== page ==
Sunday, September 10, 2023

Where Are They Now? The BAM B26-2

Something a bit different today--a quick revisit.  Been at least six years now since the .22 cal BAM B26-2 has seen the light of this blog.   Thought I'd follow up with how it's been going.  Forgive me as I'm not finding all the right words to express myself this morning, but I'm plugging along anyway.  If you've followed this blog, you'll recognize that I've long been fascinated by the mechanicals and the ergonomics of dedicated target-type guns.  The precision accuracy coupled with the adjustability of the stocks and grips made an impression. There's a uniqueness and almost a science fiction aspect to some of the equipment.  All purpose driven to improve the shooter's results.  My mechanical aptitude is attracted to that uniqueness, the engineering and manufacturing.  And since I'm interested in experiencing these features--especially in a price range I can afford--I attempt to incorporate some of them into my various field/sporter airgun projects.  

Originally purchased this (in person!) at a Pyramyd Air open house.   Way back in 2008, this rifle for some reason was on my hit list.  It was a lot of things.  Wanted to try a thumbhole stock, it was available in .22 cal, liked the overall design, wanted to see how the quality of the BAM air rifles had progressed...

Spent some time working out the accuracy and ergonomic issues the rifle presented.  Certainly got some blog fodder out of it--maybe 12 or 13 posts worth.  This rifle (and an evil Remington Summit) taught me quite a bit about how important positive, consistent barrel lock up is--and how difficult it can be to achieve.   The 26-2 also really drove home the point about ergonomics and fit.   The original high cheek piece made it impossible to get a comfortable position behind the scope.  Even with high rings and a riser adapter, I was smashing my face into the stock to see through the scope.  Amazingly, after lowering the absurdly high comb, this is now one of my favorite rifles to shoot offhand.  That adjustable palm shelf and buttpad allow the rifle come to point immediately because the hold is so consistently repeatable.

The padauk wood has darkened and mellowed a bit from the bright red when it was freshly cut.  This particular feature was inspired by the Anschutz 1913 Supermatch rifle.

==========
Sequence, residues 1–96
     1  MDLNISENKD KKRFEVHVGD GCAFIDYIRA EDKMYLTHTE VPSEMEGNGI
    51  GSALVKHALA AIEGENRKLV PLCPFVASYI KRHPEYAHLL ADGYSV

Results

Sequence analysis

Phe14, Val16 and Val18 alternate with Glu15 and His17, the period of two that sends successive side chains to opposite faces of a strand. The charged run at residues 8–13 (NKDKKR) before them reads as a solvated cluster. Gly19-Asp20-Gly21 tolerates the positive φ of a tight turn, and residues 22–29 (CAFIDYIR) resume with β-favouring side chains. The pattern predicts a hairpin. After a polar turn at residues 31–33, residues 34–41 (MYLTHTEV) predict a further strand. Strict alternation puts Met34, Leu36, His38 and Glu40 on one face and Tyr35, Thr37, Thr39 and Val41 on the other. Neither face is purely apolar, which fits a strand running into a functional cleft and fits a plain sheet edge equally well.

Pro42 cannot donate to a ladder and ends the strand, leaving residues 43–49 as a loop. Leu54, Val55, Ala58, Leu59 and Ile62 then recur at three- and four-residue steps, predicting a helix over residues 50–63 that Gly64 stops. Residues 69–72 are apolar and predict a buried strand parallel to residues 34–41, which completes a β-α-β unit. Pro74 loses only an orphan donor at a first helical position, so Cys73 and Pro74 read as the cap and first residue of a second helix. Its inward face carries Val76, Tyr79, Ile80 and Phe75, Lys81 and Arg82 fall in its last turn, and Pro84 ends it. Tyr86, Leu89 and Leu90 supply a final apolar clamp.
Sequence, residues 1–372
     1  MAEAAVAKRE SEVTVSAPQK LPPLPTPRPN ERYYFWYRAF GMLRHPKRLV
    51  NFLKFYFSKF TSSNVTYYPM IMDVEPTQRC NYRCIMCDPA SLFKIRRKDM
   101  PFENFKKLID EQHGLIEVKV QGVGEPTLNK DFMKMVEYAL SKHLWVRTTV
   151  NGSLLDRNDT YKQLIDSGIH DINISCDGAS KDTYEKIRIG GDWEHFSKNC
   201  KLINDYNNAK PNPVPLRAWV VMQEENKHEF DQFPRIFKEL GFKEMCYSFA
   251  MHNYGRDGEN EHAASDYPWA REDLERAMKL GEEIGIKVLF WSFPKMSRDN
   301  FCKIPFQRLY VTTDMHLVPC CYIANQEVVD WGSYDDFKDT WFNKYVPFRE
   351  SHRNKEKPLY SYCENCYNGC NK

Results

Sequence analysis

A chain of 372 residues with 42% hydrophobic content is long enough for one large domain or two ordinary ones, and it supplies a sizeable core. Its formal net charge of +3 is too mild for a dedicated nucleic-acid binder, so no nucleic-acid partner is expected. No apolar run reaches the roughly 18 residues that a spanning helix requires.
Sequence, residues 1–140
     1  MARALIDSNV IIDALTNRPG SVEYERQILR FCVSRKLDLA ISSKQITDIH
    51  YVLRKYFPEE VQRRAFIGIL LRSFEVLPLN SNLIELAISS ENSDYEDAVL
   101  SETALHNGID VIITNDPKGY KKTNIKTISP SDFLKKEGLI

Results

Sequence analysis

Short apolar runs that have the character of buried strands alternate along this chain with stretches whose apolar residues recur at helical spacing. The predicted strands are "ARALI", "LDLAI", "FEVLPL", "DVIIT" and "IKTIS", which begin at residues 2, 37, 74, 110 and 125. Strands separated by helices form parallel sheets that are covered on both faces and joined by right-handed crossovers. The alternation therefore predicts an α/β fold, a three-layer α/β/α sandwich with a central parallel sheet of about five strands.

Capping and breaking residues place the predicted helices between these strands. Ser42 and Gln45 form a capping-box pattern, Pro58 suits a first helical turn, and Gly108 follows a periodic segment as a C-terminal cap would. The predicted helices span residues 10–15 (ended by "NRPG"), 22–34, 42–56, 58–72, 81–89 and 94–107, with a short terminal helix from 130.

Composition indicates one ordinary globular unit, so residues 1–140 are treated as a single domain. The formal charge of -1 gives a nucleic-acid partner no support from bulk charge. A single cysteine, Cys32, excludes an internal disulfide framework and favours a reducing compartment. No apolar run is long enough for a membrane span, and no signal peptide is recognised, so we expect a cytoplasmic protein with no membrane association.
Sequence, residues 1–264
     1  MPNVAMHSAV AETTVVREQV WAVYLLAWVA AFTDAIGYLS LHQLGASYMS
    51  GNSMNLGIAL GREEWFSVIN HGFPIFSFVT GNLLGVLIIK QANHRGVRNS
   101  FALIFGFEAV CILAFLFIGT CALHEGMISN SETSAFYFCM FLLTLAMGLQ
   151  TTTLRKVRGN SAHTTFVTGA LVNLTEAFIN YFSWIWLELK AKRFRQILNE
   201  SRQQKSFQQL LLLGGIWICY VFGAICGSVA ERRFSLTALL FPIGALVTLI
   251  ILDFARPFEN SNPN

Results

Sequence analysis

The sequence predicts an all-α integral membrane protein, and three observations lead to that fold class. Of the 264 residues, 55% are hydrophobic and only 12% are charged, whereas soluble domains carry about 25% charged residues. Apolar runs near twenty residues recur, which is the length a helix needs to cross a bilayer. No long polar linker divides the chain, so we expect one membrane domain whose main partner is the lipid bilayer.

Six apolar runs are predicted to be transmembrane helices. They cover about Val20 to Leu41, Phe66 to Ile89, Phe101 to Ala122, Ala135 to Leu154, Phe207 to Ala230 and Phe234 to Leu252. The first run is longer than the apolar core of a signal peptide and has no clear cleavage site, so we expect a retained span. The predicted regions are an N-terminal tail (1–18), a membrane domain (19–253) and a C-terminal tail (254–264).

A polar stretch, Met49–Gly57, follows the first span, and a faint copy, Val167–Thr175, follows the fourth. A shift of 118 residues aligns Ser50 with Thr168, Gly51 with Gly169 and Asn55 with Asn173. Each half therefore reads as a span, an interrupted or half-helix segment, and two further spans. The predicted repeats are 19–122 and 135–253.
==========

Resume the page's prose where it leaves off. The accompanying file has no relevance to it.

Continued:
The quick set Devcon epoxy is still holding the rubber pad to the aluminum plate without any gaps. 


The barrel sleeve has been refinished at least twice over the last twelve(?) years.  It's next to impossible to keep a cold blue finish on gun parts that are handled as much as a break barrel.    Got a blued, bead-blasted finish at the moment.  If (when) it needs another refinish, I'm going to try my hand at rust blueing as I expect it to be much more durable.

Made a replacement pivot pin for the cocking linkage at some point.  Nearly identical to the one we blogged for the .25 cal R1.

Seems like the only real change over the years was a scope upgrade.  Originally, I believe the B26-2 was wearing a fixed 4X power Leapers Bug Buster.  Switched to the 3-9 variable power Bug Buster a few years ago backed up by a separate scope stop.  

The scope eye relief combined with the short mounting area for the rings wouldn't allow the stop pin in the scope ring to line up with the hole in the receiver.  The separate scope stop solved the problem.

There were quite a few modifications made over the years--from the stock surgery to the chisel detent barrel latch.  The 26-2 slowly morphed into a very fine shooter.  The scope relative to the bore line is still high, but it's now a very comfortable heads up position rather than a smooshed face position.  I look back at the original comb height and marvel that BAM designed a stock solely for a guy like Herman Munster.  I should put the rifle across the chronograph again and see where the velocity is compared to the original tune over a decade ago. 

Maybe later this week just for fun...